How to Turn a Contact Into a Customer
In the post "How to Give a Flawless Elevator Pitch," I explained how to turn a social conversation into a sales opportunity. The goal of that process is to set up that all-important initial business meeting.
Of course, there are other ways, such as cold calling or a referral, to get that initial meeting. Regardless of how it comes about, that meeting is your chance to turn a business contact into a paying customer.
Because the contact has agreed to meet with you, you already know the contact has some interest in what you're selling. To take the sale to the next level, you ask your contact questions such as:
- What are you trying to achieve?
- What's blocking you from achieving it?
- How are you trying to achieve it?
- What would represent a big win for you in this area?
When you get answers to these questions, you propose a tentative solution that matches what you've learned. Then you "close" on the next step.
For example, suppose you're selling sponsorships for a minor league baseball team. At your sister's wedding, you meet the owner of a local restaurant and bar who seems interested in the idea. You set up a meeting.
At that meeting, the conversation might go something like this:
- You: Who are your customers?
- Owner: It's a mix. In the late afternoon, it's mostly the over-50 crowd, and after 10 p.m., it's a combination of young couples and singles.
- You: When are you the least busy?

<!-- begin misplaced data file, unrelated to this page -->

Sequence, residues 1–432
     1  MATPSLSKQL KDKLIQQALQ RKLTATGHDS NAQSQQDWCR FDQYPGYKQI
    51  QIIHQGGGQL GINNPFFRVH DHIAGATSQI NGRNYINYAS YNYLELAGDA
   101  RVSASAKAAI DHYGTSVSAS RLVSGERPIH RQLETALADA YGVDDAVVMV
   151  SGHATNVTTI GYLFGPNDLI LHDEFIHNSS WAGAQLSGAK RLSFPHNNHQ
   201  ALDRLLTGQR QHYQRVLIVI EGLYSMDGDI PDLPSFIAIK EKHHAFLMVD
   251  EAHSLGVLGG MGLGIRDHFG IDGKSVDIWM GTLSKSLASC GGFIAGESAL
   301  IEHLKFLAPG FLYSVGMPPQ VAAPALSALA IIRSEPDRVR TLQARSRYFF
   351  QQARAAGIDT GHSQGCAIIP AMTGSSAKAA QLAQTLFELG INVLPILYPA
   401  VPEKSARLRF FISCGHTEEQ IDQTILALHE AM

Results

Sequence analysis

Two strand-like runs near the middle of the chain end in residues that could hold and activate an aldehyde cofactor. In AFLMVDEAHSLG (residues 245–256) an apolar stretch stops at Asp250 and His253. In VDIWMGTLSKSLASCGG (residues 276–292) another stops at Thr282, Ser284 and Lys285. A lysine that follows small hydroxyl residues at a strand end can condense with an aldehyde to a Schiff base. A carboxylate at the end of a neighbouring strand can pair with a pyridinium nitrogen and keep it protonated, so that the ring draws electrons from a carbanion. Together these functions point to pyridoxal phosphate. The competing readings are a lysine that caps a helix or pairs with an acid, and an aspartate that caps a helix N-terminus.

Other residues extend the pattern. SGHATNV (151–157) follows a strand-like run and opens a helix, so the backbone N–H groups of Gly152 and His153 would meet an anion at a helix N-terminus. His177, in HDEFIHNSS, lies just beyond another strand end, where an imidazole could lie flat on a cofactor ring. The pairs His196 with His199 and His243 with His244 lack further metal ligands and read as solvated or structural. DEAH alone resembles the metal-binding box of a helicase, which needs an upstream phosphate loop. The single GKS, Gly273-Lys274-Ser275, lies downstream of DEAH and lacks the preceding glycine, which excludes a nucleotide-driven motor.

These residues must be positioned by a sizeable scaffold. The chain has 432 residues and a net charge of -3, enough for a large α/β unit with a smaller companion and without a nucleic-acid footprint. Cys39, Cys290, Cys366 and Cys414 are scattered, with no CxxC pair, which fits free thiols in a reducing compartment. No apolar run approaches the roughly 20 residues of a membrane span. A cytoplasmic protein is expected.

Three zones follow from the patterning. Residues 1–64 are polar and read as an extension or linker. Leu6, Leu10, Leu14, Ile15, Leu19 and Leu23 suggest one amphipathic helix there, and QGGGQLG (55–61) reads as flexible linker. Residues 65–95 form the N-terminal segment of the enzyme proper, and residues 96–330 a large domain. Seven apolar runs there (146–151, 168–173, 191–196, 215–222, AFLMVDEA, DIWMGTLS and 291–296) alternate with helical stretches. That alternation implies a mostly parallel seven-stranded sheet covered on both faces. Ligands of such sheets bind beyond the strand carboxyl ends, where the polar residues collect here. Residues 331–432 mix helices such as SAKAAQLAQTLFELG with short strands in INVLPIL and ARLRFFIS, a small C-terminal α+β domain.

- Owner: We have too many empty tables in the early evening.
- You: What types of people tend to come in during that time?
- Owner: Young families, but we're not getting enough of them.
- You: What are you currently doing to bring them in?
- Owner: We ran some ads on local cable.
- You: How well did that work?
- Owner: We still have plenty of empty tables.
- You: So, if I understand rightly, the big win for you would be full tables in the early evening.
- Owner: That's right.
- You: What's worked for several local businesses in the past has been a billboard at the park with a discount coupon handed out with each group of tickets.
- Owner: Is that expensive?
- You: Well, the cost depends on how we set things up. What's most important, though, is that we can use the coupons to measure how much new business we're creating.
At this point, you now know 1) what the customer needs and 2) that the customer has some money to spend. Therefore, you move to the next phase: discussing possible solutions, filling in details, and answering objections.
While, for clarity's sake, I've used a very small-town example, the exact same types of questions work when developing million-dollar opportunities.
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GEOFFREY JAMES | Columnist
Geoffrey James is an author, speaker, and award-winning blogger. Originally a system architect, brand manager, and industry analyst inside two Fortune 100 companies, he's interviewed over a thousand successful executives, managers, entrepreneurs, and gurus to discover how business really works. His most recent book is Business Without the Bullsh*t: 49 Secrets and Shortcuts You Need to Know.